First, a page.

# Addition and subtraction of two floats in Python

Yesterday I was wondering how floats are handled in a computer and what they look like in binary... I learnt about the single-precision floating-point and I tried to see the limit of that format...

I first wrote this little Python (3.4) script

a,b = 1,1

while (a+b)-a-b == 0:
a*=2.0

while (a+b)-a-b != 0:
b+=1.0

print(a,b)


I wanted to see what specific exponent value of a could be create a lack of precision in the result (a+b)-a-b, and if increasing the value of b could correct it.

The output was :

9007199254740992.0 2.0


I noticed that 2^53 = 9007199254740992.0 and I though it was a bit disturbing : the binary representation of 53 is 110101, and this really doesn't look like any specific value...

The "2.0" let me a little less sceptical, as you just have to add 1 to increase the exponent value of b. It made more sense, but I realised I couldn't explain it properly too.

I modified my script to see the actual binary value of everything I was doing :

import struct

def binary(f):
return str(bin(struct.unpack('!i',struct.pack('!f',f)))).replace('0b', '')

def status(a,b):
return binary(a),binary(b),binary(a+b),binary(-a),binary(-b),binary(-a-b),binary((a+b)-a-b)

a,b = 1,1

while (a+b)-a-b == 0:
a*=2.0
print(status(a,b))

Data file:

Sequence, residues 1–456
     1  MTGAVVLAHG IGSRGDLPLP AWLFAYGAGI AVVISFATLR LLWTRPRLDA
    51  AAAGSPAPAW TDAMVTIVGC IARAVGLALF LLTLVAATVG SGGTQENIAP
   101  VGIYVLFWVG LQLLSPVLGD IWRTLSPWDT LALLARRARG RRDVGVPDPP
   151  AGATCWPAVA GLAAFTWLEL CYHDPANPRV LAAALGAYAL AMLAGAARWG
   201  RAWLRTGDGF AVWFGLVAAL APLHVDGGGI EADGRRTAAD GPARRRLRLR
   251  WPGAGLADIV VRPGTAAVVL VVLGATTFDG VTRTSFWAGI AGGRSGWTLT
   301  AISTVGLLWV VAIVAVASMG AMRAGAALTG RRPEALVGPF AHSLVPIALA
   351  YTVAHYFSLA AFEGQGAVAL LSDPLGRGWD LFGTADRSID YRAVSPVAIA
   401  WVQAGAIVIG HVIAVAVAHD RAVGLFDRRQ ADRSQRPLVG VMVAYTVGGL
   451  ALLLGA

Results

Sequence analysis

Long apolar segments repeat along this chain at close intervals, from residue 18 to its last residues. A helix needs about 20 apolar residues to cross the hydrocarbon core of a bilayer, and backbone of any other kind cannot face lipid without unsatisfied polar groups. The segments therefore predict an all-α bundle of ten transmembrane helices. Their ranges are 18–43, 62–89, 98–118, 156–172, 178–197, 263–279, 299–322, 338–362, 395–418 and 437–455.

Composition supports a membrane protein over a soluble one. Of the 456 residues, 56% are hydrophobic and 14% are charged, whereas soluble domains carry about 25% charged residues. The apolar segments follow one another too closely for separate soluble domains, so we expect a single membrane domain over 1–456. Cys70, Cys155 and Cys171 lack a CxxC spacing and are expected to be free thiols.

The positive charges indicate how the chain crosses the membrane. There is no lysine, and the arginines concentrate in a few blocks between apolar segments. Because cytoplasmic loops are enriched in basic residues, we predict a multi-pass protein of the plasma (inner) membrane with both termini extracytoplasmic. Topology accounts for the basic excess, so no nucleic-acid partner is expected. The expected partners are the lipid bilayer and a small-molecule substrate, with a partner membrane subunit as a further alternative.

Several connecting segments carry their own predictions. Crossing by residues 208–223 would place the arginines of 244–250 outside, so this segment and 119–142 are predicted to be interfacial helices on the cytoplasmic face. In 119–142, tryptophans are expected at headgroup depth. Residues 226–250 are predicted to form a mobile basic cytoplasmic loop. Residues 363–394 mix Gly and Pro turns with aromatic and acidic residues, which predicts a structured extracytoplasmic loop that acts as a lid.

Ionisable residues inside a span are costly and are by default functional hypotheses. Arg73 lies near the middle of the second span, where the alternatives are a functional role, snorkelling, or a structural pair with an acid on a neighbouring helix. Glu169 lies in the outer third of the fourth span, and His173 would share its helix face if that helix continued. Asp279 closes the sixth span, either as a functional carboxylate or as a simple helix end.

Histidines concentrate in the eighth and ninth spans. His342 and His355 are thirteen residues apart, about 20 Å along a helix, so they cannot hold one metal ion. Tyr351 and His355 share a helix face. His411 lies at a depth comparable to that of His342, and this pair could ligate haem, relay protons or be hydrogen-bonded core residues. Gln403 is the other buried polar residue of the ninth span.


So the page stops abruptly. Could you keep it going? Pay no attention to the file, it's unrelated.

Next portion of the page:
print("\n")

while (a+b)-a-b != 0:
b+=1.0
print(status(a,b))

print(a,b)


But what I saw didn't help me. I can't figure out why the lack of precision happens at that specific value of a, and why increasing b just once would correct it.

Could anyone help me understanding this ?

(I apologize in advance for my really poor English)

• It might be insightful to play with floating point numbers that use less bits such as binary16 (half-precision) where you could see what each bit in a number does and enumerate all possible numbers easily. – jfs Feb 27 '16 at 11:49

$(-1)^s \left(1+\sum_{i=1}^{52}\frac{b_{52-i}}{2^i}\right)\times 2^{e-1023}$
where $s$ is 0 or 1 (1 bit), $e$ is an 11 bit number and the $b_i$s fill the remaining bits. This indeed has a maximum value with integer stride of $2^{53}$ = 9007199254740992.0. After this value, the numbers which can be modelled start to increase by 2 each time, and the addition of 1.0 (i.e. b) underflows. On the other hand, you can still add 2.0 just fine.
• 1- Python supports IEEE-754 platforms and some functions may even rely on IEEE-754 e.g., math.fsum() but Python doesn't guarantee IEEE-754 semantics on some platforms. 2- it might be worth mentioning subnormal values and nan, inf (a single formula in the answer doesn't apply to some f.p. numbers). – jfs Feb 27 '16 at 11:26